Wednesday, November 26, 2014

OLEDS and Why Your Old CRT TV still Works

Two stories about TV, not directly about OLED, that I will tie together down below. This note is about OLEDs. Although you can not buy a LCD TV that was made in the US, the active matrix LCD was actually invented in the US, in Pittsburgh by Westinghouse. Westinghouse was a prominent TV brand that was developing new technology. Westinghouse did not survive in the TV business long enough to capitalize on their invention because they had a problem at their factory. It seems a worker replaced a steel mesh filter in their water reclaim system with a copper coated steel mesh filter. That put just enough copper into the wash water and just enough wash water residue was left on the TV screen to serve as a phosphor poison. The TV tubes that the Westinghouse factory was making would go dark after about 6 months of use. The resultant recall of half a year’s production put Westinghouse out of the TV business. Parts per billion of copper put them out of business.

Another major brand of TV in those times was General Electric (GE). Although GE made glass for things such as light bulbs and such, GE bought their glass for CRT tubes from others. In addition to making glass, GE had an array of materials technologies including silicones and polycarbonate. At one point, in order to put downward pressure on glass prices, GE threatened to develop a polycarbonate CRT bulb. The glassmakers looked at the threat and determined that although such a product was possible and did have some advantages relative to glass, the product would only last about a year before there was enough inward migration of atmospheric gas to render the polycarbonate CRT non-functional.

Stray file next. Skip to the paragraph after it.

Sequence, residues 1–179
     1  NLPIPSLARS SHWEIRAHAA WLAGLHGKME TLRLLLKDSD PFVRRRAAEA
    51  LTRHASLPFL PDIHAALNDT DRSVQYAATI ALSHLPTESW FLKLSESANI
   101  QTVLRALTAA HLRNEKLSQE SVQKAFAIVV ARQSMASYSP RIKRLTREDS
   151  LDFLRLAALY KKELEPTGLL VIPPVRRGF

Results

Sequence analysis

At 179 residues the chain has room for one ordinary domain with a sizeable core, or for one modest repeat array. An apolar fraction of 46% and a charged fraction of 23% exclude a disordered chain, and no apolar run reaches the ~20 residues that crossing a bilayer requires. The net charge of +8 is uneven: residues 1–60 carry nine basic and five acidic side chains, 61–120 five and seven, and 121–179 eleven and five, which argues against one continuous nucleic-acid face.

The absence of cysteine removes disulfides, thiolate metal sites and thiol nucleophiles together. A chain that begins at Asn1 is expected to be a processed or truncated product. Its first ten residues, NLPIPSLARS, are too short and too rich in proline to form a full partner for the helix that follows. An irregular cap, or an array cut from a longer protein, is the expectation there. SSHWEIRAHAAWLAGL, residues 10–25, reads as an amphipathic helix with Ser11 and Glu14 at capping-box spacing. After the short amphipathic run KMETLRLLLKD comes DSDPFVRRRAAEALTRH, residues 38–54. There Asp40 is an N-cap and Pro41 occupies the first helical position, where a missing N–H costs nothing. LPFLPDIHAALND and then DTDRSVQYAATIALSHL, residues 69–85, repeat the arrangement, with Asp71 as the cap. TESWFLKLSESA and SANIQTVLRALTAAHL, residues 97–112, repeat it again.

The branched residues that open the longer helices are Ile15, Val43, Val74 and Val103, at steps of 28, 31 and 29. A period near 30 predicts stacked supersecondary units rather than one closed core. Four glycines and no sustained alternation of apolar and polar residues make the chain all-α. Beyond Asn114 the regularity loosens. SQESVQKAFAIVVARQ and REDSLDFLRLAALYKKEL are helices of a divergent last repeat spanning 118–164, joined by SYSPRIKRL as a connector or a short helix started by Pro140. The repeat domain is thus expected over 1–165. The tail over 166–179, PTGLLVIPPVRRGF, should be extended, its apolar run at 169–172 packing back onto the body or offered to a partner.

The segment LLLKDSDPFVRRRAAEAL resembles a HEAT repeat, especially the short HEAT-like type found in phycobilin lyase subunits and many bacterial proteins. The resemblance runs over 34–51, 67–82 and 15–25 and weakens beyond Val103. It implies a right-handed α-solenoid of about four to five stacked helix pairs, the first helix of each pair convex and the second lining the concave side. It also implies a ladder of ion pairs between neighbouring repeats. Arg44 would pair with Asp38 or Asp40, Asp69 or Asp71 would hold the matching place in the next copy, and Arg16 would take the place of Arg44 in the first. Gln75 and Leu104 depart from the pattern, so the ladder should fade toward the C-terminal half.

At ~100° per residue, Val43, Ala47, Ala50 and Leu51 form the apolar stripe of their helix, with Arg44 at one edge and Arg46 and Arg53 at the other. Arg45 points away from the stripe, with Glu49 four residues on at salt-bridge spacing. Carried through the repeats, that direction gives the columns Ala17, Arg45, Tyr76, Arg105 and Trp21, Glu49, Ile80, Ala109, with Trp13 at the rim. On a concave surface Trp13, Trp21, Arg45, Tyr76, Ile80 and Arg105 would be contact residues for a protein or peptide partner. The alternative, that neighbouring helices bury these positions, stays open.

The point of both stories is that emissive technologies tend to be sensitive to the most minute amount of contaminants. That is why some of the companies developing OLED technology concentrate on an ultra-clean manufacturing environment. It is also why the other key to OLED’s future is hermaticity. In a CRT, glass provided an absolute hermetic environment. The CRT was made in a clean environment, the inside of the tube, where the phosphors were, was maintained in high vacuum. Further a sacrificial barium “getter” was deposited on the inside of the tube to bind any stray oxygen that was left over from manufacture.

So, the phosphors did their thing in an absolutely pristine environment that was maintained as long as the tube continued to hold its vacuum, which is tantamount to forever for a consumer product. In terms of product chemistry, the environment virtually eliminated any alternative pathways that could be formed between the phosphor in its elevated state and when it drops back down to its base state by emitting a photon. The industry employed other tricks, such as moving to higher and higher voltage phosphors. This brought the product to the point where the phosphor aging was no longer the primary aging limitation but metallization of the glass from decades of electron bombardment.

The high voltage architecture may have some relevance to OLED design as well. But certainly, cleanliness and hermaticity are the key to making OLED technology work.

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